Dear Parents/Guardians and Children,
Welcome to Summer Week 7, although it doesn’t feel very summery right now! Your emails and pictures of your puppets and poems has certainly brightened up my weekend though, that’s for sure! I hope you’re all getting on OK at home and that you’re managing to get out now we’re allowed to see more people and do some new things. What are you looking forward to the most? I for one can’t wait to give my family a hug. I’m also looking forward to the day we can have more of you back at school. In the meantime, here is some work for you to do at home…
Maths: Whiterose are covering some lessons on decimals this week, a couple of which we did in the second week after Easter, so if you’d like to go over these again then follow the link below. If you’d rather do something different then the alternative worksheets are also attached at the end of this post. As always, I will set similar tasks on My Maths if you would prefer to do those, but remember there are fewer lessons on there so you may find yourself repeating some. I have also attached some Classroom Secrets discussion problems that line up with the alternative Whiterose lessons, and two lessons from Summer Term – Week 7 plan.
English: I have found a few lessons from a History unit which I thought you might enjoy looking it. As it’s a History topic, it’s more about discussion and research than lots of writing, but English isn’t all about writing, it’s about speaking and listening too. As some of the links are old/I can’t attach all the documents/some things are group activities, you won’t be able to everything on the PowerPoints but if they give you ideas of other things to do then that’s great. I’ll list some below in the foundation subject section too.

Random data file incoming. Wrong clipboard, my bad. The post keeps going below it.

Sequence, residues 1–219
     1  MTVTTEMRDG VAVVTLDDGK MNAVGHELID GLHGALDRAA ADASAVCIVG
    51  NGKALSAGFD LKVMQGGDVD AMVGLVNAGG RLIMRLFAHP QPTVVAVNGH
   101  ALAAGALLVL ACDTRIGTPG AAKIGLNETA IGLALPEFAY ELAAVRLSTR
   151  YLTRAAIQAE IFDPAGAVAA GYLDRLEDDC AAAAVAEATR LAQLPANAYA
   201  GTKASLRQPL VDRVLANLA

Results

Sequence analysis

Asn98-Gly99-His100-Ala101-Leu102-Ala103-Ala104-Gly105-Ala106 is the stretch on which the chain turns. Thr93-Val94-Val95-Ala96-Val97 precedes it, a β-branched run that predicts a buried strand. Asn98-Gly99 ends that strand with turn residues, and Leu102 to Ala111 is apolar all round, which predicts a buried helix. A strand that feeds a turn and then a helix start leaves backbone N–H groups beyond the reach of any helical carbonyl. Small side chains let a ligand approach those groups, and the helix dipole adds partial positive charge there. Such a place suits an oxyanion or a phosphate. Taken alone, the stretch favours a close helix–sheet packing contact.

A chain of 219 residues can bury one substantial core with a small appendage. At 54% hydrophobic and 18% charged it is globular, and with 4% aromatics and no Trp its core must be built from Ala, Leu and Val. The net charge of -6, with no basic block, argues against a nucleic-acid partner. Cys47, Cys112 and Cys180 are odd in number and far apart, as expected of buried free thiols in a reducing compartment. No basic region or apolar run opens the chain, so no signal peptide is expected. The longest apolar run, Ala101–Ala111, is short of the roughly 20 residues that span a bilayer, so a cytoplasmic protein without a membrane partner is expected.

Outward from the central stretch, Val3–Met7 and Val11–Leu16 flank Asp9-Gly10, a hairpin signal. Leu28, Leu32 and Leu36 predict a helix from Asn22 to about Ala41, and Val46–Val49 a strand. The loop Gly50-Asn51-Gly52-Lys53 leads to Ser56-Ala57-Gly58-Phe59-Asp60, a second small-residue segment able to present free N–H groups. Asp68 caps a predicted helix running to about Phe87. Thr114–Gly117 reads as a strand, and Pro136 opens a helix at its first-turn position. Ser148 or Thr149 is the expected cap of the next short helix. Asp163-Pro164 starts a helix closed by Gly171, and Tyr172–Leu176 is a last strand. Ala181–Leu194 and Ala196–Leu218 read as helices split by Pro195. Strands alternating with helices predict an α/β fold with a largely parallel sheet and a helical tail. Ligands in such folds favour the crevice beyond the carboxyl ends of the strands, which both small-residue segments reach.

You are living through a moment in history that our generation has not seen before and will hopefully never see again, but some moments in history brought about great change and are worth remembering and learning about. The 60s was a big decade for change and the following activities all centre around things that had a big impact on Britain, and indeed around the world. Some of them happened locally and others internationally, but either way I hope that you enjoy connecting with your parents, and maybe your grandparents, as you look at them.
1. The Beautiful Game: Look at slide 4 and 5, draw the table in your book ready to make the notes and then watch the clip. Continuing through the slides, write about two changes in British football and if you would like to, use the Top Cards activity to help you write up reasons as to what two footballers should go in the hot air balloon. This will involve some research.
2. The Swinging Sixties: Answer the questions on slide 5. On slide 6 use the link about Chuck Berry (the others don’t work) or look up some 60s music clips on YouTube. On slide 7 have a go at the party invitation activity using the music photo pack (the food/clothes photo packs are too large so you’ll have to research these). Do the Motown Home Learning Task and I’ll attach the document about the dance styles too if you’d like to have a go.